New grant will allow students to volunteer in other countries

After witnessing the squalor of Venezuelan prisons during his sophomore year of college, Bill Baldus was haunted for years by the images of people suffering.
But through his brainchild, the Paulo Freire International Community Service Grant, Baldus will put some of those memories to rest.
“I still think about it all the time, how brutally hard people have it from day to day,” Baldus said of his experiences in Venezuela. “After living in that environment for a period of time, a person is compelled to see what one could do to help and improve folks lives.”
The International Study and Travel Center, which Baldus is the director of, announced this month a $2,000 grant for University undergraduates to do community service work in foreign countries.
The grant consists of three to six months of volunteering in another country. Afterward, the participants will teach elementary school children in the St. Paul Public Schools district about their experiences.
“It’s about giving the undergrads a chance to do some international community service work,” Baldus said. “The students also get the chance to tie that experience together with learning about diversity, work, human oppression, and experiential education.”
The program is named after Paulo Freire, the late Brazilian teacher and author. Freire was known for his literacy efforts among peasants in the 1950s when he educated them about their oppression at the hands of the Brazilian government. Freire, imprisoned from 1964 to 1979, died in 1997.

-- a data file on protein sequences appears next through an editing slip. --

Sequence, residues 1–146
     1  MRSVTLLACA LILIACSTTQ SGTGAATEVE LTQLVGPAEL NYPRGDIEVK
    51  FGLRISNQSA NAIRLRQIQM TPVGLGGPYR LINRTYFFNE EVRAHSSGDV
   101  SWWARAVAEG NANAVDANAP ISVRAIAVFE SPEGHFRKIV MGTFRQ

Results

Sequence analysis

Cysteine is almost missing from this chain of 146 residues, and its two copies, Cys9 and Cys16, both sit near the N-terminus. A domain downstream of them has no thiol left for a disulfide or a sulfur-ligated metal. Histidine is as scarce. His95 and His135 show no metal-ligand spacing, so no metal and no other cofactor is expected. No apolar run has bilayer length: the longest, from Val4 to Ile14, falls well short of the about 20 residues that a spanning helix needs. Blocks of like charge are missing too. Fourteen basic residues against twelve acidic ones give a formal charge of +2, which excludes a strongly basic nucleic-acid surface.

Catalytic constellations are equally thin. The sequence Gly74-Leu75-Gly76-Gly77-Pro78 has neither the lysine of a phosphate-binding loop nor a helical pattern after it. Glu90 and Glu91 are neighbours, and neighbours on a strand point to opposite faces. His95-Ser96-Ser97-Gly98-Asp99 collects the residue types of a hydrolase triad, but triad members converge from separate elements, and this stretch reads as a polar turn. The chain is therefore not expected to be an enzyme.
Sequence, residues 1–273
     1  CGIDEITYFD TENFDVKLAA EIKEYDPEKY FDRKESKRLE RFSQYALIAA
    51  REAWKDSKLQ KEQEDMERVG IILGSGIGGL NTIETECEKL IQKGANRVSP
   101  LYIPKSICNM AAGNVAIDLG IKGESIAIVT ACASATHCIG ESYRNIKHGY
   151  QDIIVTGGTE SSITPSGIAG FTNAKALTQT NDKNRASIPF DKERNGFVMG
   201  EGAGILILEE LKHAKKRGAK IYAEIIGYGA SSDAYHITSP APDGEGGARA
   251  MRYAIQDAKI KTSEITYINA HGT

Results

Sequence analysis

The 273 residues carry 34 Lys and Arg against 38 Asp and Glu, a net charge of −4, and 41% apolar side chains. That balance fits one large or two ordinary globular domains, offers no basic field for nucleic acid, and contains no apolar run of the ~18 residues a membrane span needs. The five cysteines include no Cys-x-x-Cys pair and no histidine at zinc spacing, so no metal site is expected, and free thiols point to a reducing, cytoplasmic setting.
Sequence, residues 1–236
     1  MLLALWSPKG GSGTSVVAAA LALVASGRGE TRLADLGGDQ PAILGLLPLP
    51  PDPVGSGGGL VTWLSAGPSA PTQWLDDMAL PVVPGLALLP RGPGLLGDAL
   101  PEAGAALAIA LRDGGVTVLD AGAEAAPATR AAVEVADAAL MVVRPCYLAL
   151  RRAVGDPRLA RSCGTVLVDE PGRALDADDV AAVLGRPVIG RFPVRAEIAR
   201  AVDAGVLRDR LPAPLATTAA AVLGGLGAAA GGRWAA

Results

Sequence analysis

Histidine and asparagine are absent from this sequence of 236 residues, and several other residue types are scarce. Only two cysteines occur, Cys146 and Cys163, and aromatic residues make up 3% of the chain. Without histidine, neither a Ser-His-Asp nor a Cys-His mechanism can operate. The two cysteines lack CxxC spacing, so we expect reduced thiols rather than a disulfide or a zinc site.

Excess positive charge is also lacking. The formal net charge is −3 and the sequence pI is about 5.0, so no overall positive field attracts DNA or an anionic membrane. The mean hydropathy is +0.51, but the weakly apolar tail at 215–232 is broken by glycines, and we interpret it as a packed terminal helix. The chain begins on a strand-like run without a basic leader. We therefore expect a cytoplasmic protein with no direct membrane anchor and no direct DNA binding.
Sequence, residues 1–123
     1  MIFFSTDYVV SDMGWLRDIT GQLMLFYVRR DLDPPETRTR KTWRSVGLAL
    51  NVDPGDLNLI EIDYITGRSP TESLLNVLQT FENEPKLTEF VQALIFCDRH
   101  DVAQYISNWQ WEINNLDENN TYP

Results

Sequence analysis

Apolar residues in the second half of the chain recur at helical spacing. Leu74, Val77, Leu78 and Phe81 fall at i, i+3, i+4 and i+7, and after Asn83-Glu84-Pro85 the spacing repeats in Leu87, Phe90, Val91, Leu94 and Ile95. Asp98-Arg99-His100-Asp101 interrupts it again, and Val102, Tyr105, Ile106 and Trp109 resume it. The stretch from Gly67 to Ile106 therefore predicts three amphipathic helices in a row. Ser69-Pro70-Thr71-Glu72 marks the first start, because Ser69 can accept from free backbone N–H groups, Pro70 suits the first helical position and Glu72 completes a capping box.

“Freire’s methods are used globally,” said Nehrwr Abdul-Wahid, director of the Diversity Institute for Student Development and Educational Training.
Students who get into the program will be doing the same things Freire did when he was alive, Baldus said.
“We are keeping his spirit and teaching alive through this program,” Baldus said.
The first phase of the program, which will begin spring quarter, consists of seminars and workshops dealing with diversity.
But it isn’t always about education, Abdul-Wahid said.
“It is mostly about preparing them for the differences they will see in an international setting,” said Abdul-Wahid. “We will talk about pressing issues outside of our borders.”
The students will travel abroad during the summer of 1998. The participants will design their own program, including where they want to go and what type of humanitarian work they want to do.
“The idea is to contribute, but the students are going to be the main benefactors during the three to six month period,” Baldus said.
Upon returning in winter quarter 1999, participants will teach elementary school children in the St. Paul school system about their experiences abroad.
“The idea is that once the students immerse themselves in the culture they will be able to come back and the community will have something to tap into,” said Mirjana Bijelic, coordinator of Office for Special Learning Opportunities Project Adapt.